It is true that Iran has developed a large arsenal of missiles and other weapons despite being under the burden of debilitating sanctions. Its missiles can reach Israel, an arch-foe. However, Iran may not enjoy a first-strike capability as Israel has the highly effective Iron Dome anti-missile interceptor.

Even if Iran does strike Israel with a missile first, it would have to bear the brunt of a sustained barrage of missile strikes from Israel.

Iran knows that it does not have the military capability to engage in direct confrontation with the U.S.; its conventional decades-old military machine is no match for the world’s most advanced weapons system of the U.S..

Also, almost all of the oil and gas plants of Iran are on its coast in the Gulf. In the event of a full-scale war, it is likely that the U.S. will seek to destroy these strategic assets, which are at the heart of the Iranian economy.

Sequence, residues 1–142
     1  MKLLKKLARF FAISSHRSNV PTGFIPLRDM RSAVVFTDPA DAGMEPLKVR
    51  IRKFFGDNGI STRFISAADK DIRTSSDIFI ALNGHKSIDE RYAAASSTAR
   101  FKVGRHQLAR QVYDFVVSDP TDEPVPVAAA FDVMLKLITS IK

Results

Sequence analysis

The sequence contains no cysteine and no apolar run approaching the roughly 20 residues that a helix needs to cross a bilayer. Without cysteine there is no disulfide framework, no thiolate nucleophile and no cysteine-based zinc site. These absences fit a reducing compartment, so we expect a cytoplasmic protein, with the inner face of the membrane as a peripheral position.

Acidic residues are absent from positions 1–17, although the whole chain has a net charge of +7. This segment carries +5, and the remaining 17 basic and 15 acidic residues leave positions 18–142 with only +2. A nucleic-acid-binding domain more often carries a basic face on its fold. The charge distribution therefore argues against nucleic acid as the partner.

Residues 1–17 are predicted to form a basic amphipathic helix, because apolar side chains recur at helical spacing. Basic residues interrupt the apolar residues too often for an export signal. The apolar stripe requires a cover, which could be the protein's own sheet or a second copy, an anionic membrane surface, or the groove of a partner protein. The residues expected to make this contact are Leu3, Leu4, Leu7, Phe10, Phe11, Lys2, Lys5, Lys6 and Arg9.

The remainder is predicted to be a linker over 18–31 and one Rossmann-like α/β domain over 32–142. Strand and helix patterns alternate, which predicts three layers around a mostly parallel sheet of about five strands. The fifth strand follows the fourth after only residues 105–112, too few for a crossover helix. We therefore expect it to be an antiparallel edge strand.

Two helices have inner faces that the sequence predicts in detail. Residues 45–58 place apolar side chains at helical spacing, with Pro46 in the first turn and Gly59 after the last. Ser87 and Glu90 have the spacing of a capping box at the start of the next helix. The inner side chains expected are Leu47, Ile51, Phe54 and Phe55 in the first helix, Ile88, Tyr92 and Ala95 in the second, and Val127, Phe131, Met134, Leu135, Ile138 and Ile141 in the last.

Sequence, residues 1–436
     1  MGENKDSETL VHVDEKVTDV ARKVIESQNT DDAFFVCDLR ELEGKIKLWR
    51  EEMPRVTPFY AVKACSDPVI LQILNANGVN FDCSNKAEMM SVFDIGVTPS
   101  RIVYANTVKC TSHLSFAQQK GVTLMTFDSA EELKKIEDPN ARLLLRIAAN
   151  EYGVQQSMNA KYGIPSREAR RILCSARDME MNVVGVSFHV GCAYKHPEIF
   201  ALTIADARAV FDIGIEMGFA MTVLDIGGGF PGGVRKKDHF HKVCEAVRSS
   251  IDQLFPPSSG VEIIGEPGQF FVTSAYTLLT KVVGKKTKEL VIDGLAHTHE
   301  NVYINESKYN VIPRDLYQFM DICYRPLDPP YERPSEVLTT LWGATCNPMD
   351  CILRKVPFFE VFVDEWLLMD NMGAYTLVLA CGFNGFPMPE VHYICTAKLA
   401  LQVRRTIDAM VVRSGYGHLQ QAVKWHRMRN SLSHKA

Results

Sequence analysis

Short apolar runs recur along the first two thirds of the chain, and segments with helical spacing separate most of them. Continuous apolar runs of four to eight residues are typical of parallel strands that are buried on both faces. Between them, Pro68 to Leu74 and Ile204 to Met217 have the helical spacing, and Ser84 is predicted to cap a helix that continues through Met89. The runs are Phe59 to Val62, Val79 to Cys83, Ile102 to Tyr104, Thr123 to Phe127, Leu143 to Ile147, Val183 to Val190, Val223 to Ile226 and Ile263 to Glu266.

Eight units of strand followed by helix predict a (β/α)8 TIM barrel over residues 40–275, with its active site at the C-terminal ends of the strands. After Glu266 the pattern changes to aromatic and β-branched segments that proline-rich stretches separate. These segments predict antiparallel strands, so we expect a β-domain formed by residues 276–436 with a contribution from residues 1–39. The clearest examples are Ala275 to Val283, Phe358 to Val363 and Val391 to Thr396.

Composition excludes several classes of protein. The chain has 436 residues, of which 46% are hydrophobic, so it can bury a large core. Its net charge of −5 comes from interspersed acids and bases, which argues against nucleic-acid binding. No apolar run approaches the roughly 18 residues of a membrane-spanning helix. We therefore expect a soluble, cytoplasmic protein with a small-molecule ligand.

Once destroyed, there is precious little the Iranians can do fuel their war effort; no money will flow from the destroyed energy assets.

What is the most likely way for Iran to respond?

As Iran cannot risk a full-scale direct military confrontation against the U.S. and Israel, it will most likely resort to ‘asymmetric warfare’, an idea pioneered and built by Qosem Soleimani.

In the last two decades or so, Soleimani raised, nurtured, armed, funded and guided several Shia militia groups across Iraq, Syria, and Lebanon. The most popular of these militias is the Lebanon-based Hezbollah.

It is most likely that Iran will attack the U.S. and Israel using these militias as proxies to advance its interests. Considering that most of the militias are disparate groups, it may become greatly difficult for the Americans and the Israelis to defeat them.

In the fast-developing scenario enveloping West Asia, Iran might scream itself hoarse, but it knows that its best bet to hurt its biggest enemies is by using asymmetric warfare through its proxies.